Asked to name her main musical influences, Audet lists Patrice Desbiens, Thomas Fersen, Barbara, Chloé Ste-Marie, Gilles Bélanger, Yann Perreau, Juliette Gréco, Bruce Springsteen, Bob Dylan and Simon & Garfunkel. “And I should also mention Richard Desjardins, this amazing poet of everyday life with frequently four-dimensional lyrics. This kind of songwriting inspires me,” she says.

Besides scoring Rafaël Ouellet’s next film (Gurov et Anna) with her partner Robin-Joël Cool, Audet is scheduled to perform opening slots for Louis-Jean Cormier and Isabelle Boulay during the next FrancoFolies de Montréal festival. This will be followed in the fall with a Montreal concert and the release of the first EP from her Anglophone folk project Mentana (with Cool). “I see myself as a communicator first and foremost, whether it is through a song, a character, a story or a feeling,” she says. “I need to communicate vocally, to be onstage. This goes all the way back to my childhood. I’m comfortable with that today, and I enjoy performing as part of any kind of project. I hope I’ll be able to do this for many years to come.”

Typically, you have the singer-songwriters on one side, the performers on the other side, and the authors, composers and songwriters somewhere in the middle. Occasionally, these roles become blurred, and the end result is a rich and varied repertoire such as that of Hugo Lapointe, whose two most recent albums out of four in a 10-year career – Hugo Lapointe (2010) and La Suite (2013) – contain collaborations with a staggering number of Quebec stars, including Daniel Boucher, Luc De Larochellière, Daniel Lavoie, Jamil, Lynda Lemay, Térez Montcalm, Maryse Letarte, Edgar Bori, Alexandre Poulin and Alexandre Belliard.

Unlike most artists, Lapointe released two collections of original songs – Célibataire  (Unmarried) in 2004 and La trentaine (The Thirties) in 2007 – before turning to collaborations. Was this due to a loss of confidence, a failure of inspiration, or the need to do something different?

“I definitely needed to try something new,” the singer reassures us, in a raspy voice that leaves no doubt about the familial link with his famous rocker brother Éric Lapointe. “In the very beginning, I mostly performed other people’s songs. That was my school. But I soon realized that if I wanted to stand out in this business, I needed original material. So I decided to start writing songs. After releasing my first two albums, however, I felt the need to go to places that I would not necessarily explore if I were to continue writing my songs all by myself.”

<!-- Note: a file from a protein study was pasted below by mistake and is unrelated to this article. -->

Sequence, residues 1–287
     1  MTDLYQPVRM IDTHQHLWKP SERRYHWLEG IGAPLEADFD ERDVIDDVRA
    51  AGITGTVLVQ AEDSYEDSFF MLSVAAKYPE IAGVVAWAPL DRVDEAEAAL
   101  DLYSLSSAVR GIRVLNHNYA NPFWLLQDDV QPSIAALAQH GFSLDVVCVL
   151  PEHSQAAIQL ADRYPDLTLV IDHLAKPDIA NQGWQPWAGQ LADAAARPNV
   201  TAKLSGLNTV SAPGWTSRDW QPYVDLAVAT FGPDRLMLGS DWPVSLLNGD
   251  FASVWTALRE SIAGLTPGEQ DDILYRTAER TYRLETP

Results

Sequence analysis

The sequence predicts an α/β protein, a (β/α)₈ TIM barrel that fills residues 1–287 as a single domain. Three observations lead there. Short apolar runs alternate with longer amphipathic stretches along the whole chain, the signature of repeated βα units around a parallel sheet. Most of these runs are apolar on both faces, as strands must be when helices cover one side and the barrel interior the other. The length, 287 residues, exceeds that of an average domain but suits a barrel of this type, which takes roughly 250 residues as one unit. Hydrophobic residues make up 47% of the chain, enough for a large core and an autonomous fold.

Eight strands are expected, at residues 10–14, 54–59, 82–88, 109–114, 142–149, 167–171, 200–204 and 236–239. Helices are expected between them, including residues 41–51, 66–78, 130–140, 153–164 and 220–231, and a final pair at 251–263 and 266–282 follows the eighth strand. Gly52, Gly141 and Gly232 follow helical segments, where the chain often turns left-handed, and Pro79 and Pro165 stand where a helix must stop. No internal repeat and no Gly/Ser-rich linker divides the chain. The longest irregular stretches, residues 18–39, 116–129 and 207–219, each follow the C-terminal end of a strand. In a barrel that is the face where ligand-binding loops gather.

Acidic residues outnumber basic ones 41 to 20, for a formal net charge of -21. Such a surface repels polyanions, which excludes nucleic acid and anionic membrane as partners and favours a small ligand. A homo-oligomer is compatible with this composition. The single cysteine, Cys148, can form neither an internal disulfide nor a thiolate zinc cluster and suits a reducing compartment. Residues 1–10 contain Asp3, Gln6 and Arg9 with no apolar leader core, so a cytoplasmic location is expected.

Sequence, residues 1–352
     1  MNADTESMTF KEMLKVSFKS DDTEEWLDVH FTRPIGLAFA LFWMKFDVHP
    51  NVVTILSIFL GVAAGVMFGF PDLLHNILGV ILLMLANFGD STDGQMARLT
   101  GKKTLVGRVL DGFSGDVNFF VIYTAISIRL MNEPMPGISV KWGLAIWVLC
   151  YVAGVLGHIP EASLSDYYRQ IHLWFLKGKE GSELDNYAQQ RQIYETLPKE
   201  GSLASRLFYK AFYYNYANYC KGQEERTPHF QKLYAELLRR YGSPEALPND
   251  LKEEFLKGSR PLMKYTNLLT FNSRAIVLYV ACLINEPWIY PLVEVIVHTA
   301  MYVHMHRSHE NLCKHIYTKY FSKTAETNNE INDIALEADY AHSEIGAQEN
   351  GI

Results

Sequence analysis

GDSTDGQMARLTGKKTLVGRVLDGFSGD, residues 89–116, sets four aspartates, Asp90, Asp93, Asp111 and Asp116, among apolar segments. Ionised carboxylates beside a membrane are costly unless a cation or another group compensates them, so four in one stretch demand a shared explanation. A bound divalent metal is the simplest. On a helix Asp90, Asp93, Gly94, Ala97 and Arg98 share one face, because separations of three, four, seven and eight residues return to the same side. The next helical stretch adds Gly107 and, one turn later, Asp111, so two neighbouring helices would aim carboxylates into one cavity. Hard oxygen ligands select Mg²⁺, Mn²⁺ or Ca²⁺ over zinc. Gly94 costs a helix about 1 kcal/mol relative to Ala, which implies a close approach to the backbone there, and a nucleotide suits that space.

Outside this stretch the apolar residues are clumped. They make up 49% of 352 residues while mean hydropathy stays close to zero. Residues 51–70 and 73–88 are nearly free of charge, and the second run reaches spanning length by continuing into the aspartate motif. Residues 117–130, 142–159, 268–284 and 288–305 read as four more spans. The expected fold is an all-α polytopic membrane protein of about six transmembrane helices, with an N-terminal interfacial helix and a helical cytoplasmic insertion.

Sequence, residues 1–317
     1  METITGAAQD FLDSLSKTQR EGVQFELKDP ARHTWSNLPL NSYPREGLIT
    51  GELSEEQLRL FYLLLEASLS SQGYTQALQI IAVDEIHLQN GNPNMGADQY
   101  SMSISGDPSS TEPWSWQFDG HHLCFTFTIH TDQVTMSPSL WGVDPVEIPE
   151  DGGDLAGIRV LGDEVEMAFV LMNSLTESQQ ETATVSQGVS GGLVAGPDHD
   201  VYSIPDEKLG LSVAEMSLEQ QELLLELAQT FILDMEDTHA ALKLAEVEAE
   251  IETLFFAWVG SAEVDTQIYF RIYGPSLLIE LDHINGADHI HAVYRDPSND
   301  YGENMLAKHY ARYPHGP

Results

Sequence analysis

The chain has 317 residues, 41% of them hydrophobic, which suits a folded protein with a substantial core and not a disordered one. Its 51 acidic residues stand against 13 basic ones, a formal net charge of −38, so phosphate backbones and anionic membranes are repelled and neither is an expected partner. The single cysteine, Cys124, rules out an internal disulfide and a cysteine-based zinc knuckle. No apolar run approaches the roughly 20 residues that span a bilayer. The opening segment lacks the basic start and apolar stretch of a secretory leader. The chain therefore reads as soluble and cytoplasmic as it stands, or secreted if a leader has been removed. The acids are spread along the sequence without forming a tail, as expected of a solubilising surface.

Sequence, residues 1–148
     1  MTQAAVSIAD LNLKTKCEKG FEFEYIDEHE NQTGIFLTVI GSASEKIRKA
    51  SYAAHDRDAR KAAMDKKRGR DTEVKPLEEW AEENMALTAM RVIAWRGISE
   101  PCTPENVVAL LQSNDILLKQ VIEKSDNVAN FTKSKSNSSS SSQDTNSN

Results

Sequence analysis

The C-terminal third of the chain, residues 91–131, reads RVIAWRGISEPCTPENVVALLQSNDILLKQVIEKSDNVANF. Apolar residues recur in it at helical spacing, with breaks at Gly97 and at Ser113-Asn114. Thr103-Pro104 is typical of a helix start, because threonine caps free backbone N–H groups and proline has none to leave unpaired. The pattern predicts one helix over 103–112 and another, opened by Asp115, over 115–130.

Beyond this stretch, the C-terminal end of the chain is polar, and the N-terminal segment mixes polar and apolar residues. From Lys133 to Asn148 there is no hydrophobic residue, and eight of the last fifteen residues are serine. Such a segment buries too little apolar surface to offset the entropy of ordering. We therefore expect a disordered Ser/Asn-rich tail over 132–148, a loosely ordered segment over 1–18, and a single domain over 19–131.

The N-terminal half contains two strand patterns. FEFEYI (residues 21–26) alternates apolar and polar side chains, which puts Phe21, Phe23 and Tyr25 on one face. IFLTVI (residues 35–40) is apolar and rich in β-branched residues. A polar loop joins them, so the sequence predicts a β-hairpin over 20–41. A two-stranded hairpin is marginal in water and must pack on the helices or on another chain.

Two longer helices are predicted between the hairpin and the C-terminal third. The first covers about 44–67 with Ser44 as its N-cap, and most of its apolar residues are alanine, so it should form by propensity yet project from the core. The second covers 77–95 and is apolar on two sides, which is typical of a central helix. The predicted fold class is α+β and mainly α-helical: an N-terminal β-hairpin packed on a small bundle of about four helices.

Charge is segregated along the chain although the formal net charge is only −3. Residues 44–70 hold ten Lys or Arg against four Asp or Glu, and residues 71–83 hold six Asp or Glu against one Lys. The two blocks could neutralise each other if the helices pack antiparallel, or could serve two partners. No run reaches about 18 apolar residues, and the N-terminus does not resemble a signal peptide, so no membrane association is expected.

“Dealing with someone else’s lyrics is certainly touchy.”

That said, Lapointe admits he experienced some relief in being able to lean on the pens of writers other than himself: “I’d be lying if I said it didn’t make it easier for me and didn’t lift some weight off my shoulders… Having access to outside help also allowed me to involve myself more deeply in the recording process, whereas before, I remained fixed on lyrics until they shut off the recording console and locked the studio’s door. I was too absorbed with that aspect of music at the expense of all the rest.”

As he began the process of putting together a dozen songs (including a few self-penned pieces) for his next album, Lapointe started looking for people to help him with words or music contributions: “In most cases, I was presented with turnkey songs. With artists like Bori or Jamil, I did the music myself. For “Te retrouver” (“Finding You Again”), for instance, I set Bori’s lyrics to a music I had carried with me for five years without being able to find the right words for it. With Jamil’s “Moi j’suis qui?” (“Who Am I?”), it was more like a remote work in progress, sending each other words and music back and forth.”

“However,” Lapointe continues, “even with a turnkey song, there was always room for a little tweaking with the author when there were things that didn’t sound quite like me.” In his mind, this possibility should always be negotiated ahead of time to avoid misunderstandings along the way. “Dealing with someone else’s lyrics is certainly touchy, but I’ve always been working with incredibly generous co-writers.”

Lapointe freely admits to milking that generosity when that special connection is there. His repertoire includes three songs by Maryse Letarte (“Soleil couchant,” “Mon grand air” and “Valse d’ici”) and two by Térez Montcalm (“Complice” and “Inconsolable”). Considering Lapointe’s “dude” image, this choice of female songwriters may come as a bit of a surprise, but he can explain it away: “At first, I thought working with a woman’s lyrics might require a bit more adapting, but then I thought, Who better than a woman to know what women want to hear? After all, the majority of my audience is female…”

“After receiving the first song from Maryse,” Lapointe goes on to explain, “we took a chance asking her for more, and each time she was able to focus exactly on what I wanted to express. Same thing with Térez and the way she capture how I relate to music on ‘Complice.’”

Lapointe often suggested topics or themes to his co-writers. One of these songs, Alexandre Poulin’s “L’incendie” (“The Fire”), is based on Lapointe’s activities as spokesperson for Maison Carignan, a Trois-Rivière alcoholism treatment centre. Daniel Boucher’s “Tu l’sais même pas” (“You Don’t Even Know”) is a quasi verbatim reproduction of a story Lapointe told him about not necessarily being recognized on the street.

“When I first receive a song,” Lapointe explains, “I learn it the way it is. Once that’s done, I allow it to mature in my head for a few weeks or months without listening to the original version. Then I go back to it and perform it my way. That’s how I can make a song my own.”

Isn’t this use of other songwriters’ material depriving Lapointe of some performing right royalties in an industry with waning revenues? “Could be… However, these works also help me reach a wider audience and possibly do more shows and generate additional revenues. Plus the fact that I think that the opportunity this gives me to meet and work with all these artists and perform their songs is payment enough. I feel privileged.”